Just as you have responded so well to our request to download and distribute our Stickmum leaflet, please can you view and pass on the link to this video?. Again, talk about the video and forward it to family, friends, your GP and other healthcare professionals (health visitors, midwives, physiotherapists) so you can help us all to spread the word about PGP and how it can be treated successfully through prompt diagnosis and treatment. Do let us know what you think about the video and pass on any comments and feedback to us. Thank you!

Are you getting what you want? Part 3: Realising your goals

Posted by Madeleine Speed, the Pelvic Partnership, April 2016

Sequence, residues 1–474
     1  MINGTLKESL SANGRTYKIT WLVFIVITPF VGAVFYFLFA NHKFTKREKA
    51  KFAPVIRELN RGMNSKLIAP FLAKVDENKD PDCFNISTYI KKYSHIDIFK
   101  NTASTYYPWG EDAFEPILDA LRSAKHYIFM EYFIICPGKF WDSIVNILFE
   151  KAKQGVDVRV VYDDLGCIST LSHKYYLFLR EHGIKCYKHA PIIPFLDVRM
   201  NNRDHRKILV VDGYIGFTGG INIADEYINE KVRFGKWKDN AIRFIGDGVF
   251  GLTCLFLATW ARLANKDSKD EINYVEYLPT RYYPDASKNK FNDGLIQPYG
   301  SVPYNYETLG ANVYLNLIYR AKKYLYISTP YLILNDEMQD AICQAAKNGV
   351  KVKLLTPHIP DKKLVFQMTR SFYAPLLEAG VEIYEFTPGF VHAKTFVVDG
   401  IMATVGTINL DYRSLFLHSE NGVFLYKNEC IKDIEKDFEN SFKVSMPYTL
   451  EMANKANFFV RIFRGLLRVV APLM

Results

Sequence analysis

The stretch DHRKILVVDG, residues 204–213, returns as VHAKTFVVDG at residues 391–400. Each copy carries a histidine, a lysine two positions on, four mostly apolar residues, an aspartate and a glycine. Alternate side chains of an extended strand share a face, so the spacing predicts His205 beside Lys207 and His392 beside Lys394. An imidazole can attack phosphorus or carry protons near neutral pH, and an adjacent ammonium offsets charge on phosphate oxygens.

Exploring techniques and approaches that could help

In Part 2 of this blog (see below), the focus was on what questions to ask frontline healthcare professionals to get what you want and starting to frame questions that might prompt a positive response. In Part 3 we look at approaches and techniques that may help you to realise your goals concerning pelvic girdle pain (PGP) particularly if you are currently expecting a baby.

What will help me get the kind of birth I want?